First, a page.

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Why lithium-ion batteries are popular

Time:2018/4/24Posted:VCELL POWER CO.,LTD

Why lithium-ion batteries are popular

The main reason you’ve heard the term “lithium-ion battery” before is energy density; a LIB setup can pack a lot of power into a very small space. More than that, “Li-on” batteries offer decent charge times and a high number of discharge cycles before they die. If you use a pure lithium metal at the electrodes, you’ll get much higher energy storage, but no ability to recharge — depending on your choices for electrodes, you can powerfully affect your battery’s performance. Among other things, energy density is related to the number of lithium ions (and thus electrons) the electrodes can hold per unit of surface area.


This MIT study [doi: 10.1021/nl501415b – “In Situ Observation of Random Solid Solution Zone in LiFePO4 Electrode] specifically looked at a cathode material lithium-iron phosphate. These lithium-iron phosphate batteries show promise for everything from electric cars (likely) to storage of grid power (less likely), but when it was originally introduced, LiFePO4 showed little promise for battery tech. In its pure form, lithium-iron phosphate shows poor electrical abilities — but crush it up into nanoparticles and coat it with carbon and it seems the story changes quite a bit. The incredible jump in ability when turned into nanoparticles is described as a major surprise for battery researchers, and a major win for nanoscience.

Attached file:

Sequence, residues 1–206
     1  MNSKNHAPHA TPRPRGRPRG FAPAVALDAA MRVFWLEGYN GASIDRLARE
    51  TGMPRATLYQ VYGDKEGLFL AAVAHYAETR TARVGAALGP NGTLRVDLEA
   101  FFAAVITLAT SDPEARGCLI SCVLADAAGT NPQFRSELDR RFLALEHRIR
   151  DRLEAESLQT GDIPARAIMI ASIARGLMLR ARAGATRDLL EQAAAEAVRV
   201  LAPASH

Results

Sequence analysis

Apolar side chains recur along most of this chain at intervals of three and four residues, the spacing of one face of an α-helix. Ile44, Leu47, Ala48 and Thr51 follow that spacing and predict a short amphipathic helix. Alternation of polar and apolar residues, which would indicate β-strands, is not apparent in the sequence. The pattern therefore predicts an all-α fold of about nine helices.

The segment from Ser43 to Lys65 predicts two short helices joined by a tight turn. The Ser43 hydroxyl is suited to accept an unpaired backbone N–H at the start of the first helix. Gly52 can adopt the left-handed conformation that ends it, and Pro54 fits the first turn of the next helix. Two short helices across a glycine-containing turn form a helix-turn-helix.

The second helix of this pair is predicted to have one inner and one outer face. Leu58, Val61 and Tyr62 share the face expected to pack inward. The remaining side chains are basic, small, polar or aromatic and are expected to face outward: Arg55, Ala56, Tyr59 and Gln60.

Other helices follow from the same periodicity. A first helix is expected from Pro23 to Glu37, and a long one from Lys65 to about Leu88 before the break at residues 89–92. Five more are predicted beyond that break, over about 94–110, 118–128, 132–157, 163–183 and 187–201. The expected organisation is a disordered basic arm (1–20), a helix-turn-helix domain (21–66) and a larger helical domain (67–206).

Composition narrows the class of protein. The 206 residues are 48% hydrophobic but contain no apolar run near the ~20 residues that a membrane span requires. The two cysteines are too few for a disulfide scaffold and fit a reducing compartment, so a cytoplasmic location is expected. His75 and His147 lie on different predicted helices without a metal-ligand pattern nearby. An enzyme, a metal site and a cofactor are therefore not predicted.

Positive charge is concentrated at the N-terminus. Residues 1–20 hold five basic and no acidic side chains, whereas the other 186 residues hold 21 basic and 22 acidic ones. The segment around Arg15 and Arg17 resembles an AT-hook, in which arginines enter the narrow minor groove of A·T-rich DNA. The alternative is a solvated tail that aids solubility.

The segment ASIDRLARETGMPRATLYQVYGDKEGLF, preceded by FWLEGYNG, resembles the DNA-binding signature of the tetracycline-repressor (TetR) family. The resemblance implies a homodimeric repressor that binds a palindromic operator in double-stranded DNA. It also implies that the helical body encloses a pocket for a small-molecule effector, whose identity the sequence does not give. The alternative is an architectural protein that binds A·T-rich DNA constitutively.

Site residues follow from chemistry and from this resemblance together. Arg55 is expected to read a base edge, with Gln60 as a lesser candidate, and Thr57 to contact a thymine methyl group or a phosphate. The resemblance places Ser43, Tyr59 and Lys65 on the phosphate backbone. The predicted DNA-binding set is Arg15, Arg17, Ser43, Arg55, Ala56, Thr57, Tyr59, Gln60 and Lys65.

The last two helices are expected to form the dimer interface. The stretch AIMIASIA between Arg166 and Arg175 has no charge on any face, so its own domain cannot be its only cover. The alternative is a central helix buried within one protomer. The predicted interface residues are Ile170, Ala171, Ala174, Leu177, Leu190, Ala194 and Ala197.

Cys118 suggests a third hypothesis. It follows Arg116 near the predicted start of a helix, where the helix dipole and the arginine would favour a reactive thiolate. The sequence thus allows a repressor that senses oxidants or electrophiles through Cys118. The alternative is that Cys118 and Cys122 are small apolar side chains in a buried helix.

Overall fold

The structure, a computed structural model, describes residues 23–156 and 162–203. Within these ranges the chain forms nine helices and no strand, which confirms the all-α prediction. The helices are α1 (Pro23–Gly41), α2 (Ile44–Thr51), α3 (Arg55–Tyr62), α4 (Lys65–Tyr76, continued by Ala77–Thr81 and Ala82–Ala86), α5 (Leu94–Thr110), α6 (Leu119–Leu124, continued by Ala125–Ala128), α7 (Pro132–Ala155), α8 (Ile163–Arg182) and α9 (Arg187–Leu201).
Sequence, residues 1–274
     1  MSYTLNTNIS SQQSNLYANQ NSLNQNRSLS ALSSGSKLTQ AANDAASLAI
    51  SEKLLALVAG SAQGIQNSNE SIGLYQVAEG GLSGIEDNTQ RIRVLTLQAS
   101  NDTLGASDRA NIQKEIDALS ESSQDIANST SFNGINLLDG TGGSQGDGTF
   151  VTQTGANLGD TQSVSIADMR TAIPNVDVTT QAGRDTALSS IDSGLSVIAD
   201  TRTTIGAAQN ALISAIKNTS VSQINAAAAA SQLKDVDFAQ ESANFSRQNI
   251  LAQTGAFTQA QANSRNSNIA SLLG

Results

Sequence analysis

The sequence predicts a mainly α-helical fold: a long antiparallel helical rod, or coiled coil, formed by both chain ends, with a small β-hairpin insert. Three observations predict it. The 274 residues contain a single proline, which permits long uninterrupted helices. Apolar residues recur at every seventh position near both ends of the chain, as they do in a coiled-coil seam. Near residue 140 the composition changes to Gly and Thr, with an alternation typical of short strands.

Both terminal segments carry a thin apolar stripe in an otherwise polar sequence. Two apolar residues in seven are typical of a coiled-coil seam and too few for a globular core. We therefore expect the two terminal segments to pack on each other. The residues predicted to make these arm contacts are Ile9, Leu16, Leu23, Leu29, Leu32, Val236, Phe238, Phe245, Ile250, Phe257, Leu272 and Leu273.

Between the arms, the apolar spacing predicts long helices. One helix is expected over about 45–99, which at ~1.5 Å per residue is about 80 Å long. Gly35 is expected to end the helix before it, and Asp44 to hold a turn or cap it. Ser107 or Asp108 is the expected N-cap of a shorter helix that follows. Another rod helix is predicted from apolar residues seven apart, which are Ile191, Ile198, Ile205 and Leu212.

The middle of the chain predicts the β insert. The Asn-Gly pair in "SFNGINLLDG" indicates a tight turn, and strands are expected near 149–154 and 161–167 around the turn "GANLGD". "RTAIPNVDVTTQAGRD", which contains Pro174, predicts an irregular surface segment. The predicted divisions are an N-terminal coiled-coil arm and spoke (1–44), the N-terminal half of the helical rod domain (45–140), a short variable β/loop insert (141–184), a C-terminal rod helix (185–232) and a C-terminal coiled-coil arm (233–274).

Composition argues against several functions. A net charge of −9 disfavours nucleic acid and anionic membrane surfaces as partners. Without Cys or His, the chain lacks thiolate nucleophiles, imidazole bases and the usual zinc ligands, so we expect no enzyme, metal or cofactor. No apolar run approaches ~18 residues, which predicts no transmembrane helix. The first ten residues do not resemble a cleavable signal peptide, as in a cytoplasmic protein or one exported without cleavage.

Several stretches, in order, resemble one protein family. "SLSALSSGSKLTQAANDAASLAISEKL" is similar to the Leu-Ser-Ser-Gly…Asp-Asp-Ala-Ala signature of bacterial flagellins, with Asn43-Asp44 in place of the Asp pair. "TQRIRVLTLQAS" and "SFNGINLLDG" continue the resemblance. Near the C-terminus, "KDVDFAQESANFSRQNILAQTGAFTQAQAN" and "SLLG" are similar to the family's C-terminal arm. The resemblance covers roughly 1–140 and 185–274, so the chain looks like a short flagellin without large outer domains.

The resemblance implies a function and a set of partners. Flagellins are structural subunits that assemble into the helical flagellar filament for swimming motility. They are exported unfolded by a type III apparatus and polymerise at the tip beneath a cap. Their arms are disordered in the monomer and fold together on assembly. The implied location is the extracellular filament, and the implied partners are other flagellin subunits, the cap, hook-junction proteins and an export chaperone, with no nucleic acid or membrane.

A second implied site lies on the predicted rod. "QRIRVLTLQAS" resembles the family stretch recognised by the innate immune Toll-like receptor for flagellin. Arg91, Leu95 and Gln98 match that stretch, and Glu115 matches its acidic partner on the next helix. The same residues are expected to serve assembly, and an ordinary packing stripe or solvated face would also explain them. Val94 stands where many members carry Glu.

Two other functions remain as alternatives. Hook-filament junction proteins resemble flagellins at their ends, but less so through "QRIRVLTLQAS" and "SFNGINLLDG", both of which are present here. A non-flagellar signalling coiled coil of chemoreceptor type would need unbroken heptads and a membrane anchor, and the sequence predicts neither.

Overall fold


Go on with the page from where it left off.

The main reason for excitement over the new nano-cathode, beyond its impressive-but-not-amazing storage and discharge abilities, is that it discharges at a totally uniform voltage. This means batteries needn’t incorporate devices to regulate that voltage, which could make them cheaper and smaller, and it also allows them to discharge at full voltage until totally empty. It does this, we now know, by creating a zone called a Solid Solution Zone (SSZ), a buffer area of low lithium density that seems to soften the harsh boundary between charged (LiFePO4) and discharged (FePO4) portions of the electrode during use. This seems to be behind the material’s amazing abilities, and pumping up this SSZ through design could extend make lithium-ion tech last even longer.

Technology does seem to be coming for this aging battery standard, however, and it will need some major upgrades to stay with the times. It’s getting them, with huge design upgrades that hold a lot of promise. Still, everything from improved capacitors to super-batteries based on cotton could supplant lithium as the king of energy storage — we may find that improvements in our understanding of conventional batteries are simply too little too late.


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